It was a bittersweet victory for Glen Cove City School District when the Board of Education approved its proposed $109 million budget for the 2022 to 2023 school year. However, the district’s lack of transparency and use of funds for Landing and Deasy elementary schools were questioned by some residents throughout the board’s meeting on April 13.
“I will tell you that this board and the boards that have been here for the last nine years have focused on transparency,” Superintendent Dr. Maria Rianna said. “I think we have provided that time and time again.”
The tax levy for the upcoming school year’s budget will be raised 1.8-percent, $73,000,000. It’s a $1,400,000 increase from the current 2021 to 2022 1.6-percent tax levy.
Susan Jerzewski, of Glen Cove, pointed out that her school taxes were the highest she has had to pay, and she did not understand why it came at the taxpayers’ expense for the district to have a surplus for capital projects, such as the extensions.
“You're just taking our money from us too soon,” Jerzewski said. “And then you're putting it into a savings account.”
Former board member and Glen Cove resident, Gail Nedbor-Gross, questioned why the public was not involved during the planning of the proposition to extend schools and that the money should have been put towards science labs in the middle and high schools instead. For transparency, she added, the board should post their contracts online.
“The board in the past insisted on putting up the contracts for transparency purposes,” Nedbor-Gross said. “Not because it was mandated. It's because we wanted to show what is going on. So, the public knows.”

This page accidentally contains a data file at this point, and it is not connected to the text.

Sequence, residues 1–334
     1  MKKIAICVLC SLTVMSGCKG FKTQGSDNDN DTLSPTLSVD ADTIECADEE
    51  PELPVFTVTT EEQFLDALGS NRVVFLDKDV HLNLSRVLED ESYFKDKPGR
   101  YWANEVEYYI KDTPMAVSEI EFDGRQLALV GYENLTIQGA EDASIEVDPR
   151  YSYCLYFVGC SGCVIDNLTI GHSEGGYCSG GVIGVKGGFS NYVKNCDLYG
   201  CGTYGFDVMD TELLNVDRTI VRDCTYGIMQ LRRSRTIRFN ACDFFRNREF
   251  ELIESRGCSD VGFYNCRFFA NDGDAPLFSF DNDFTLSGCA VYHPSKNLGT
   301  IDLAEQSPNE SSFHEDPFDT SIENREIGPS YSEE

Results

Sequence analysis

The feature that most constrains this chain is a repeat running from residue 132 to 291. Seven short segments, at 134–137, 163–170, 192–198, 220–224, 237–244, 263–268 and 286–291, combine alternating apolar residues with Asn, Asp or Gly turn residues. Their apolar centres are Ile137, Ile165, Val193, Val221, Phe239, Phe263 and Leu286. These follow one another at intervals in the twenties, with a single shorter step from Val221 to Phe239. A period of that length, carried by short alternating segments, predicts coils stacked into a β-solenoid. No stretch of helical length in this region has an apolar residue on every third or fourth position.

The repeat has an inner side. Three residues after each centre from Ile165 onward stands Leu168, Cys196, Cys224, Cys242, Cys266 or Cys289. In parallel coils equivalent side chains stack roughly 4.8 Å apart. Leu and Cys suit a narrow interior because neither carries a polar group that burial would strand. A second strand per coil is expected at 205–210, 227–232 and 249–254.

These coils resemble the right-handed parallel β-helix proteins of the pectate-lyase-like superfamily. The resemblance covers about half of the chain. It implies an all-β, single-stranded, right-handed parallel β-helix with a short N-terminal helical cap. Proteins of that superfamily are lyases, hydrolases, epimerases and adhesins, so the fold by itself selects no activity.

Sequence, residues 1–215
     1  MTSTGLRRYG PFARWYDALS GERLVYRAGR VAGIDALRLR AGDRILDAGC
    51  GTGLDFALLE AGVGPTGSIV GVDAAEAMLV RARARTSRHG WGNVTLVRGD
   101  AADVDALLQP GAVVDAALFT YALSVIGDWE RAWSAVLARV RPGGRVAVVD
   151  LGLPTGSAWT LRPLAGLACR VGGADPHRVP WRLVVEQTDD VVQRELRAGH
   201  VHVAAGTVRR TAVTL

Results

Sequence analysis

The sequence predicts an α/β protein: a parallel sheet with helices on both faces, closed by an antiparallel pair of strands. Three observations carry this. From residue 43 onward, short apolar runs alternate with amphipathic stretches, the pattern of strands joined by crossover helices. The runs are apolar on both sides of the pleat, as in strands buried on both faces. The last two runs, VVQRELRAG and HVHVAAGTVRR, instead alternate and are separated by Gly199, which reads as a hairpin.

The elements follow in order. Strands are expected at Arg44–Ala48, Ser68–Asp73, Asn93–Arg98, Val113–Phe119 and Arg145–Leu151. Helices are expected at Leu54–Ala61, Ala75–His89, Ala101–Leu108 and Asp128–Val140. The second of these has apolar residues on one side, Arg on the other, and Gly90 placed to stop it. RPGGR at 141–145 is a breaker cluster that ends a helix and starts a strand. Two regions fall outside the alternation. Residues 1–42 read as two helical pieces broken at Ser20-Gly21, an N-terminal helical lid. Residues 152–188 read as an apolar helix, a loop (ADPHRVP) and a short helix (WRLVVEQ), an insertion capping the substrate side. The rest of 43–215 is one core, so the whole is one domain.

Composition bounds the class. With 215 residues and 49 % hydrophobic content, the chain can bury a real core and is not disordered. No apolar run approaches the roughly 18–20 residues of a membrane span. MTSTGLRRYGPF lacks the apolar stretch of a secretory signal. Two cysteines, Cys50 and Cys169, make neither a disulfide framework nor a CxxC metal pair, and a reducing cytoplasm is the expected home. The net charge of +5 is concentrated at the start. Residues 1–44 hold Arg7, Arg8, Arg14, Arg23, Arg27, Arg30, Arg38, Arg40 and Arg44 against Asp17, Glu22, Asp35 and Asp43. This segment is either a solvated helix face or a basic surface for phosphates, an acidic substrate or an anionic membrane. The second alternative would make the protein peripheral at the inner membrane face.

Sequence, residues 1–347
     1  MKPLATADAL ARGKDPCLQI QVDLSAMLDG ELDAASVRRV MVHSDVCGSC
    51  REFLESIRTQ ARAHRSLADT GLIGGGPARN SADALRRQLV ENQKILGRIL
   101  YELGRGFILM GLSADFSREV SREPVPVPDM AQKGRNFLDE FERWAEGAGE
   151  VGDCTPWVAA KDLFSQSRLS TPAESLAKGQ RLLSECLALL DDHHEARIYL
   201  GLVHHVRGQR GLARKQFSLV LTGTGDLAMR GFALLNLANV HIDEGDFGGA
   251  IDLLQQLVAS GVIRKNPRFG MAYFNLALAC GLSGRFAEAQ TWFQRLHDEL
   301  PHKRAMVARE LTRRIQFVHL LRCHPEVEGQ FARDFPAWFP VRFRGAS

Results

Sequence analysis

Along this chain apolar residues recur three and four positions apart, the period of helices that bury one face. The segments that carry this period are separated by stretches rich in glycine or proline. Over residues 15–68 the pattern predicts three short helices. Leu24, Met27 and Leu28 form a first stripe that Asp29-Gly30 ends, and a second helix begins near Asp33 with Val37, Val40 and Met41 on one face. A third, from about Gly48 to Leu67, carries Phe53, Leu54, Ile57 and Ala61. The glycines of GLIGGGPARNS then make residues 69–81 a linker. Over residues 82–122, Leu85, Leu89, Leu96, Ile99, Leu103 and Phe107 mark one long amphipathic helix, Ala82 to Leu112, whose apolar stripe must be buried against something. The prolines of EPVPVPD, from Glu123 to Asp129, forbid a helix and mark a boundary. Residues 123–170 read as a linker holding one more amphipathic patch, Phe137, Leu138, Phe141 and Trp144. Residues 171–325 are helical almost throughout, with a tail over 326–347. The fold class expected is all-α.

The majority of the funds for the extensions at Deasy and Landing elementary schools will come from the $7,500,000 that the district received through the Coronavirus Response and Relief Supplemental Appropriation Act and American Rescue Plan. The plans are to add four classrooms, an elevator and bathrooms in each building. The district needs voter approval to transfer the funds saved in its capital reserve to cover construction costs.
Lia Leone, the board’s president, defended the proposition by saying that when Covid hit, every student was unable to be in the classroom as well as when school was hybrid because there was no space. And the buildings, she added, require repairs.
“We desperately need more space in our buildings,” Leone said. “We need our buildings to be renovated, we have floods, we have mold, we have all these other things that need to be taken care of.”
Glen Cove parent, Trish Telese, who supported the extension, said that after seeing the classroom sizes during parent-teacher conferences, she realized that the classrooms are “tiny” compared to other districts.
“If you really want to get a handle on this,” Telese said, “take a walk through another school district where the classroom sizes are larger and can really accommodate children.”
Jerzewski and Nedbor-Gross asked the district to justify its need for the money through the district’s reading and math scores.
“I think you need to start showing accomplishments and how we are comparing that with past years to justify the spending of this money and asking the taxpayers of Glen Cove to fund it,” Jerzewski said.
Leone countered that the district’s schools have been actively posting its students’ successes on their social media, website and app.
“There are pictures of their students doing project building [and] being scientists outside with clipboards,” Leon said. “They're really doing a lot of great things.”
Rianna noted that the district has been open to the public’s input by extending its hours to listen to any concerns from residents, and information has been made available on the website to view.
A presentation was held on March 16 of the current math and reading progress for elementary and middle school grade levels.
Telese noted that the district has helped her third-grade son flourish with his communication and technology skills.
“Our kids are thriving,” Telese said. “My son is thriving; he is writing beyond anything that I was doing in third grade.”
A budget meeting will be held at the next board meeting on May 4. The budget vote is on May 17.